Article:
After Nov. 1, my routines changed and I have not been able to read and keep up with the expanding world of ACW blogging. I hope to get a new routine going soon. Even a cursory look around shows what I've been missing.
Andrew Wagenhoffer points out, per yesterday's post on Piedmont, that there is a "top notch" book on the battle, The Forgotten Fury . "The research is deep, grounded in published and unpublished primary source materials, and the reader is additionally treated to footnotes instead of endnotes." Speaking of forgotten battlefields that are despised by locals, Tim Reese (not yet a blogger) commented to me that "Piedmont is the illegitimate twin brother of Crampton's Gap." We must pray, I think, that the Great and the Good eventually legitimize these places such that the locals can then begin profiting from them.
I wrote earlier that the Kelo eminent domain decision, if used to seize battlefield land, could make drive away private donors and depress membership in preservation organizations. Attorney Eric Wittenberg paints a more chilling picture: in Georgia, Kelo has been taken up to develop battlefield land. Let that sink in; the Kelo fiasco is about superior tax revenue generation. (Mike Koepke has a little on this as well.)
On a lighter note, James McPherson's student Tom Carhart is taking some hard knocks from Civil War News (via Eric and Drew): "There's inadequate space in a book review to cite each factual error, contradiction and unsupported theory. Suffice to say, this reads more like a novel than historical analysis."Yikes. I like this bit: "Meade — erroneously cited as George 'C.' Meade ..." Cees and Gees, leave that to those impenetrable academic scholars.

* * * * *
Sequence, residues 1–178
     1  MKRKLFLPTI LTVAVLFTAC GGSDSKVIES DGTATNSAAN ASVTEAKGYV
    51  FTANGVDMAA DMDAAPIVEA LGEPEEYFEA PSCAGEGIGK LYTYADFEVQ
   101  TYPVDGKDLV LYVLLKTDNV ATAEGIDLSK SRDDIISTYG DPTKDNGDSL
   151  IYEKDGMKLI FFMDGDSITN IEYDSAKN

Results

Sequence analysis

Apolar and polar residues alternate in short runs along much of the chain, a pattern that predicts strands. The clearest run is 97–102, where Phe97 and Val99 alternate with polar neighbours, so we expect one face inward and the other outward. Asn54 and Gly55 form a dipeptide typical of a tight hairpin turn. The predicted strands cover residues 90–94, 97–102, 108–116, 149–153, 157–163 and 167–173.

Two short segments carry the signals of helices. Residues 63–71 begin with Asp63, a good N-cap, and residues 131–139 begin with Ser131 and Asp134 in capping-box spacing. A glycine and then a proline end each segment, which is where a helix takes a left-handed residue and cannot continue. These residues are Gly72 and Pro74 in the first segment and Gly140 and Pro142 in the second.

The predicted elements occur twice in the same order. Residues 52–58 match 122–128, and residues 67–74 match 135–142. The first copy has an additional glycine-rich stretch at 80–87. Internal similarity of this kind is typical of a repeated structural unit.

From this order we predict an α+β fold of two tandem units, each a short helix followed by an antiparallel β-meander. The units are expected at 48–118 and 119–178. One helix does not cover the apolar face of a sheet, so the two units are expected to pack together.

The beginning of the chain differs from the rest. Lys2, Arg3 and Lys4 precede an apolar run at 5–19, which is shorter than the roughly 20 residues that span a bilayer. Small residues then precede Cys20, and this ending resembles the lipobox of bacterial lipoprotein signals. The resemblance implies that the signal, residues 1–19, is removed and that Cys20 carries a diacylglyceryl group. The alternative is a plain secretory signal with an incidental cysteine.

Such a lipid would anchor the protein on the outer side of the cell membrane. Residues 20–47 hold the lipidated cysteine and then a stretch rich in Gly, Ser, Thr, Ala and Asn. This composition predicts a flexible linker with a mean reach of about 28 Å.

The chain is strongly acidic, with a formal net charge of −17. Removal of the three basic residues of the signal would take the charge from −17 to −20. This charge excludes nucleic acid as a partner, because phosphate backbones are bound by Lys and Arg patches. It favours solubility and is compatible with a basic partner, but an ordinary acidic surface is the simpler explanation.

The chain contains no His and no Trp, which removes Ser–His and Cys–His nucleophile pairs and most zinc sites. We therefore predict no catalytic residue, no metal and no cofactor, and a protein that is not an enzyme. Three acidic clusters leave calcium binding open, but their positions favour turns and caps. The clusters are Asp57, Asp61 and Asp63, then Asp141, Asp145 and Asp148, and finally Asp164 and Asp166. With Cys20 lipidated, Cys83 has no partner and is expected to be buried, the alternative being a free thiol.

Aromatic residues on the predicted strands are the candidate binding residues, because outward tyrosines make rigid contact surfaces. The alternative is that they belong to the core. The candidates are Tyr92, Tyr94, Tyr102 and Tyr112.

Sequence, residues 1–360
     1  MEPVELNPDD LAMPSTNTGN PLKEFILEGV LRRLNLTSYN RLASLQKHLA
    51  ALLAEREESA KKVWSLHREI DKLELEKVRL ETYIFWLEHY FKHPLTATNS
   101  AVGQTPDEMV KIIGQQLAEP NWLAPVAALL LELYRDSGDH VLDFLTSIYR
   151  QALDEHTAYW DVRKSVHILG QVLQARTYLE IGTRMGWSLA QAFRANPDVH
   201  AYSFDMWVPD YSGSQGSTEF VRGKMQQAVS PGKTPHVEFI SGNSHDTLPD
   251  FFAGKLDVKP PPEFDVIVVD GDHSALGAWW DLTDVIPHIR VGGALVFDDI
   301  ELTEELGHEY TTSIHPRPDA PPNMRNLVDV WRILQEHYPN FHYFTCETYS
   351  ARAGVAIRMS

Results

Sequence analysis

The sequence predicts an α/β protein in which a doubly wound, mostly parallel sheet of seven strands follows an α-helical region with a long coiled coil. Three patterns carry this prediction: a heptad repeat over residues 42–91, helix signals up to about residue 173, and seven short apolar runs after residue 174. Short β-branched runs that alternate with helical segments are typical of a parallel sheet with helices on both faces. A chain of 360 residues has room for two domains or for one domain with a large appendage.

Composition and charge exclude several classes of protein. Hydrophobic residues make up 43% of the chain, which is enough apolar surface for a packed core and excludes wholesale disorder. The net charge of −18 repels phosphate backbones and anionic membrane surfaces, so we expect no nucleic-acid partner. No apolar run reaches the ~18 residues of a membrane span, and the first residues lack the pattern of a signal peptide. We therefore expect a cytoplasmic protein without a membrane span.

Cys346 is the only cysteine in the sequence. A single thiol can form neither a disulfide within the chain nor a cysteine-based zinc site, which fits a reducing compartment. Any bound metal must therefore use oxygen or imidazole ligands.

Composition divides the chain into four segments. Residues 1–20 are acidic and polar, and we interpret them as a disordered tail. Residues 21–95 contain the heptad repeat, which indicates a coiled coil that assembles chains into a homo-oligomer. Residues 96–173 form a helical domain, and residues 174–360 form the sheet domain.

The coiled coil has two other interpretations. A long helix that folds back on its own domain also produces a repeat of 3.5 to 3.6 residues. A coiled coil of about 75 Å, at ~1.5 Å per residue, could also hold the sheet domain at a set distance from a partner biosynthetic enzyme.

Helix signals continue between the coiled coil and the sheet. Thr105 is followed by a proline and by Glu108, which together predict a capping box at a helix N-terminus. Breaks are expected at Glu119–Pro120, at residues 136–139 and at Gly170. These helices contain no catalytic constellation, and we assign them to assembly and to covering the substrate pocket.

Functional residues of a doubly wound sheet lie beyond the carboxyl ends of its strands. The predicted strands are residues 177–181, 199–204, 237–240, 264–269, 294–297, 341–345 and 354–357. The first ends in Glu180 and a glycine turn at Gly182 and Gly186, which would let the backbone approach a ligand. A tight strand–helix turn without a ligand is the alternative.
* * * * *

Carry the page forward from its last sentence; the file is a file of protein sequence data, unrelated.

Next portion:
Kevin Levin has started a blog called Civil War Memory and has updated my preliminary year-in-publishing comments with an extensive rundown on some important 2005 titles. He wonders why I obsess on McPherson. Top reason - it's an enjoyable obsession to indulge, especially where the subject is vain, a little foolish, and his public adoring. Number two reason: lack of self control. I'll indulge myself more on this topic at the end of the week.
Mitch Hagmaier has rekindled my interest in Kent Masterson Brown's Retreat from Gettysburg. His description of the book is wonderful - sounds like Lee's retreat was a page from the Thirty Years War. My inclination is to do a "Brown" on all Lee's movements - look into their details and savor the horror. It's on my list.
I can hardly believe, however, that Brown got himself entangled in a mistake as banal as the Clausewitzian/Jominian synchronization trap. Mitch covers those bases here and I would only repeat explicitly that Clausewitz was not published in America until some time after the ACW and his views were not in general (oral or literary) circulation here during the war. Not even the Prussian General Staff officer who wrote A Prussian Observes the Civil War makes mention of Clausewitz.
Mark Grimsley has a blog round-up of his own and it's less verbose than this one.
Don't miss Brett Schulte's multi-part writings on Harsh's Confederate Tide Rising. I need to do a ton of posting on Harsh but have been remiss. Brett's filling the gap to the tune of eight postings on just this one book. Go do some Harsh. Get Harsh. Be harsh.
I think I have discovered a credo.